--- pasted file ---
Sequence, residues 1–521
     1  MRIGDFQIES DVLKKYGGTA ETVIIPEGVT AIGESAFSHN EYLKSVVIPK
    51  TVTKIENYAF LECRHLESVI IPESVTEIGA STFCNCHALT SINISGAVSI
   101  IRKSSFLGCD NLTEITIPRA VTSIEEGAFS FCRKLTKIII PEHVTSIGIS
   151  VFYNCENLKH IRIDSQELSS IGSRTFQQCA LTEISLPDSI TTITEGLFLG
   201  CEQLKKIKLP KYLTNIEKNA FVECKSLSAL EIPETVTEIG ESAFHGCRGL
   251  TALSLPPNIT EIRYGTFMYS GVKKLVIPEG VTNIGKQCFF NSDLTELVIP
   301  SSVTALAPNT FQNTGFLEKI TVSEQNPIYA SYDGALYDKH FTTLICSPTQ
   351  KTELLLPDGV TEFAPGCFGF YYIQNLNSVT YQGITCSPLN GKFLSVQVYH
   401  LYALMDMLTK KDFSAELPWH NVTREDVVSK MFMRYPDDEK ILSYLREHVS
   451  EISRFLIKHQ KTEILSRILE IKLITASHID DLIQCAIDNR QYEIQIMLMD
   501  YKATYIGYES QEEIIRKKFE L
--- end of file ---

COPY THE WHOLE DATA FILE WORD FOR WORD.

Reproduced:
Sequence, residues 1–521
     1  MRIGDFQIES DVLKKYGGTA ETVIIPEGVT AIGESAFSHN EYLKSVVIPK
    51  TVTKIENYAF LECRHLESVI IPESVTEIGA STFCNCHALT SINISGAVSI
   101  IRKSSFLGCD NLTEITIPRA VTSIEEGAFS FCRKLTKIII PEHVTSIGIS
   151  VFYNCENLKH IRIDSQELSS IGSRTFQQCA LTEISLPDSI TTITEGLFLG
   201  CEQLKKIKLP KYLTNIEKNA FVECKSLSAL EIPETVTEIG ESAFHGCRGL
   251  TALSLPPNIT EIRYGTFMYS GVKKLVIPEG VTNIGKQCFF NSDLTELVIP
   301  SSVTALAPNT FQNTGFLEKI TVSEQNPIYA SYDGALYDKH FTTLICSPTQ
   351  KTELLLPDGV TEFAPGCFGF YYIQNLNSVT YQGITCSPLN GKFLSVQVYH
   401  LYALMDMLTK KDFSAELPWH NVTREDVVSK MFMRYPDDEK ILSYLREHVS
   451  EISRFLIKHQ KTEILSRILE IKLITASHID DLIQCAIDNR QYEIQIMLMD
   501  YKATYIGYES QEEIIRKKFE L